Every year, dozens of children are injured and even killed in accidents on Michigan roads. According to the Michigan Department of State Police, a total of 28 children under the age of 15 died in motor vehicle crashes in 2020, accounting for 2.6% of all traffic deaths in the state. In order to prevent such tragedies, strict rules are in place requiring car seats and restraints when transporting children, but when a crash is especially severe, injuries can still result.
Any car crash is traumatic, regardless of who was involved or how it occurred. However, when your child is injured as a passenger in an accident, there are certain differences you need to be aware of concerning liability and compensation. In this blog, the team at Conybeare Law Office goes over these differences and how a Michigan car accident lawyer can help your family navigate them.
Who Pays My Child’s Medical Bills in a Car Accident?
A child injured in a car accident will generally have their bills covered by Michigan’s no-fault system. Exactly who pays depends on the type of insurance you have and, sometimes, how the crash happened.
Under the Michigan auto insurance laws, there is an order of priority for who is responsible for paying a child’s medical bills and other no-fault benefits. Generally, it goes like this:
- Your own auto insurance;
- If you didn’t have auto insurance, a resident relatives’ auto insurance;
- If you didn’t have auto insurance and you didn’t live with a relative who had auto insurance, benefits are paid through the Michigan Assigned Claims Plan.
This is the most common order of priority, but it can vary depending on the circumstances. For that reason, it is important to talk with an experienced auto accident lawyer to ensure your child receives the no-fault benefits he or she deserves. You must act timely to preserve your child’s no-fault benefits because an application must be submitted to the correct auto insurer within one year of the crash or the claim is barred.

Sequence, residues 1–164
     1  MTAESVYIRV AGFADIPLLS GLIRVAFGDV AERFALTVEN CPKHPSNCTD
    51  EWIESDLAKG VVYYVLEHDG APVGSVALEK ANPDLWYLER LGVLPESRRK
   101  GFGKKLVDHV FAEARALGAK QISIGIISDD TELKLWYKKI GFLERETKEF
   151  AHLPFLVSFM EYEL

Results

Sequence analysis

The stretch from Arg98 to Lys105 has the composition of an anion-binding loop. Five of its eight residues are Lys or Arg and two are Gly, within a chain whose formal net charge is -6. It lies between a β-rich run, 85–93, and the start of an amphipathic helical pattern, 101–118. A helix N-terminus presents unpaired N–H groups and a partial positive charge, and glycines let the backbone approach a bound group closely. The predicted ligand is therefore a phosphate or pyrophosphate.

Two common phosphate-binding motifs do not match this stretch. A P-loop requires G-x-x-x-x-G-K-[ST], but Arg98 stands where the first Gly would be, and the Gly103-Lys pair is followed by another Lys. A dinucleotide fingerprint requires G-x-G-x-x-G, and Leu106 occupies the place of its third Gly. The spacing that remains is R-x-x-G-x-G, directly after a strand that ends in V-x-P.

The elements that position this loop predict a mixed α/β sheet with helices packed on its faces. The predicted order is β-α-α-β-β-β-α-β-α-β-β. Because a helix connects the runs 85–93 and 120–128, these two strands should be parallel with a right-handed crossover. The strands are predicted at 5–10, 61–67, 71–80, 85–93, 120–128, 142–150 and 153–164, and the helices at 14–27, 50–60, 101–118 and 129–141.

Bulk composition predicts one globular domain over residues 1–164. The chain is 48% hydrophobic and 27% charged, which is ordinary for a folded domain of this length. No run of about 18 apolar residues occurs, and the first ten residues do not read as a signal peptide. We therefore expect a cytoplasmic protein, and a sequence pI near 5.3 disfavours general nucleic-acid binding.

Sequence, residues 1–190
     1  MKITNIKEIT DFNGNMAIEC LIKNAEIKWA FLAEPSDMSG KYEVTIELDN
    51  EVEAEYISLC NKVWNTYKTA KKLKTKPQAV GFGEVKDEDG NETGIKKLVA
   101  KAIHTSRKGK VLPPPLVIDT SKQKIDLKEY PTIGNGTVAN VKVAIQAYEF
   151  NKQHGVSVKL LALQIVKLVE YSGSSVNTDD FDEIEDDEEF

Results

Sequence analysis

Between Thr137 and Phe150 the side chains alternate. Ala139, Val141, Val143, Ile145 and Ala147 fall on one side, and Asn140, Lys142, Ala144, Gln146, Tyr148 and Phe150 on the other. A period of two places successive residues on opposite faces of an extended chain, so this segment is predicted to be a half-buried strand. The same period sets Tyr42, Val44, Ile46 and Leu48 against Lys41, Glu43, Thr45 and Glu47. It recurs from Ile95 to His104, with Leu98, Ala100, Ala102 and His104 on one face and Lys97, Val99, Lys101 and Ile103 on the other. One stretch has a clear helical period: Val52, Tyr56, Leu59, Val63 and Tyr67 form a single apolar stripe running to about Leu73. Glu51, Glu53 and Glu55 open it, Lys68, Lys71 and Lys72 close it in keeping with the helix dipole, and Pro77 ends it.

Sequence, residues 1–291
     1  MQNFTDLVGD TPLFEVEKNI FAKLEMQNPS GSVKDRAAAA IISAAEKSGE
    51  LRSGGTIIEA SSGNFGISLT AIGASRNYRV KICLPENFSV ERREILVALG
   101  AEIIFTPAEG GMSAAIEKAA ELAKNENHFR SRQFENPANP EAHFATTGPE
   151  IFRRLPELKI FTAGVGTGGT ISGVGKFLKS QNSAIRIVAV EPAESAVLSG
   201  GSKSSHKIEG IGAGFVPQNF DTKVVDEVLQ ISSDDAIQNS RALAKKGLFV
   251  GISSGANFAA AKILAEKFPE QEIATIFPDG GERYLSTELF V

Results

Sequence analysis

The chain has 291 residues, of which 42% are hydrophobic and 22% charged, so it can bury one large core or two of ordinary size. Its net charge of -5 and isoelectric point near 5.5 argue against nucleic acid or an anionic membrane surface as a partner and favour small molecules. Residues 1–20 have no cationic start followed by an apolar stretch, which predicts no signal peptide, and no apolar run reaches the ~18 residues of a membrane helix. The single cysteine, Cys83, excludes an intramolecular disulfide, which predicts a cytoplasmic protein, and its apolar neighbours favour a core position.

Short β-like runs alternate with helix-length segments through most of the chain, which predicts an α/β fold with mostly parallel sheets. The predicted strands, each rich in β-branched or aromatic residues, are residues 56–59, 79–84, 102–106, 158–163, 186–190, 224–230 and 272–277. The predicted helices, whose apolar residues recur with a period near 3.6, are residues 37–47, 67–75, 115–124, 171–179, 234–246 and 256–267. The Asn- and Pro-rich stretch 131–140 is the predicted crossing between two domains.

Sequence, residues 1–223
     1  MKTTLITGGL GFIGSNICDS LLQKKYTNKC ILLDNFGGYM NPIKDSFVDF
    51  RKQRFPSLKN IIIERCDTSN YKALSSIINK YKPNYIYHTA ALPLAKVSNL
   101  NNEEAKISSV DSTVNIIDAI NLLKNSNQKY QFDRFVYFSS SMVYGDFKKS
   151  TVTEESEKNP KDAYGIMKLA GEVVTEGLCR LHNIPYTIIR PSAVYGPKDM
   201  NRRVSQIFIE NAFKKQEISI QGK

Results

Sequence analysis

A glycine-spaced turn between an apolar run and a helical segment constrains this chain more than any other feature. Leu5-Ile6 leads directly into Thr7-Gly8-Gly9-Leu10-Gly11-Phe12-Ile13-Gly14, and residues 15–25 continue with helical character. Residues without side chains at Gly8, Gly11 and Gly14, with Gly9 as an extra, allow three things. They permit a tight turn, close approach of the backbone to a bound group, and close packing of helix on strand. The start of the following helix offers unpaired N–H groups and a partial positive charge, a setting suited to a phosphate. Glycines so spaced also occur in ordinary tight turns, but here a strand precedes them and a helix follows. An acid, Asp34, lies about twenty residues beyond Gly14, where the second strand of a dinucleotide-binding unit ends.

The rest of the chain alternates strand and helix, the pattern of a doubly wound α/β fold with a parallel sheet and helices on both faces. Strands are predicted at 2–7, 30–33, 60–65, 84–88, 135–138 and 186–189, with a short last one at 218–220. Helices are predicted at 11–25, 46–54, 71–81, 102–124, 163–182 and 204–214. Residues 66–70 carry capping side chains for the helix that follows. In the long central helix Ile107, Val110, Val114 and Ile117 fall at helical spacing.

A child injured in a car accident will receive the same no-fault benefits as adults, up to the limits of their parents’ personal injury protection (PIP) coverage, including:
- Medical bills
- Lost wages (e.g. if your teenager has a part-time job)
- Attendant care
How Do You Seek Compensation for a Child Injured in a Car Accident?
When a child is injured as a passenger in a car accident, seeking compensation from the at-fault party is similar to filing for compensation as an adult, except a minor child under 18 must have a parent or legal guardian file a car accident claim on their behalf.
There is also an extended statute of limitations for children injured in a car accident: while adults must file a claim within three years of the crash, a child injured in a car accident has up to one year after their 18th birthday to file. That said, waiting is not a good idea: as time passes, important accident evidence can be lost, so the sooner you act, the better.
The Court Must Approve All Settlements and Verdicts
When a settlement is reached in a child’s car crash injury claim, a judge must approve it. It ensures that a child’s best interests are protected and that the proposed outcome is fair. A judge may refuse settlements that fail to adequately compensate the child for their trauma and injuries.